Between buying the phone and paying your phone bill, owning a smart phone can drain your bank account.
So when we heard there were apps that claim to be able to make you money, we were intrigued.
"It does sound too good to be true," said Karri Baumann of St. Louis.
That's what we thought too. But Jacqueline Sutt proved us wrong.
"I've made $4,500," she told us.
Sutt's been using apps like Field Agent and Gigwalk for years.
Send you to a nearby store to complete a few tasks and pay out an average $4 to $6 per job.
"An average gig is you look for a specific item in whatever store they want you to go to. You take a picture of that item and answer questions about that item," said Sutt.
We tagged along with Sutt on one of her gigs.
Ten minutes and a few pictures later, Sutt was $4 richer.
"It's not going to make you full-time job money, but it's going to give you some extra cash," she said.
And then there's Mobee, an app that makes you a secret shopper, visiting businesses and checking out their service and what's called "product placement."
"If you're going to the store, you could easily spend money there and if you can save money with the app, why not?" said Baumann.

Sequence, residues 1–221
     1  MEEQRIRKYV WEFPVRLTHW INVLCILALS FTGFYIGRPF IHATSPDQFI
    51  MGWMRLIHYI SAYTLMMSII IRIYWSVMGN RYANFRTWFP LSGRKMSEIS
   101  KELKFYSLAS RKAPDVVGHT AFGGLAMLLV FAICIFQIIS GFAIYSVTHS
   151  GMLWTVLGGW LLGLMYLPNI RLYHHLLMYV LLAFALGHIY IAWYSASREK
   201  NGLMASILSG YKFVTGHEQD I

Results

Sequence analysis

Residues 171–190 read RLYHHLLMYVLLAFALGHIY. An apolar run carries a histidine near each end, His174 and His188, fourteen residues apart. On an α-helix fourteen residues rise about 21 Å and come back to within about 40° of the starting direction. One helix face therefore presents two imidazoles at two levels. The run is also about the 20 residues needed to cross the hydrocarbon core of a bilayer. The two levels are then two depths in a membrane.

And there's Ibotta, an app that believe it or not, trades you money and rebates for an image of your grocery store receipt.
"All I did was take a picture of my receipt and it puts it into your account and they send a check to you when it gets to be a certain amount of money," said Tara Williams, who has made money with Ibotta in the past.
And there are even apps that pay you to watch movie trailers and take surveys.
"Somedays I'm just on Facebook and instead I could just do this. Money is a good incentive to do anything," said Michael Jenkins, a St. Louis IT expert interested in making extra cash.
According to Ibotta, users have earned a total of $100 million in cash-back rewards. Some of these apps will pay you in points — where it takes a certain amount of points to earn any cash. Others deposit cash directly into your checking or PayPal account.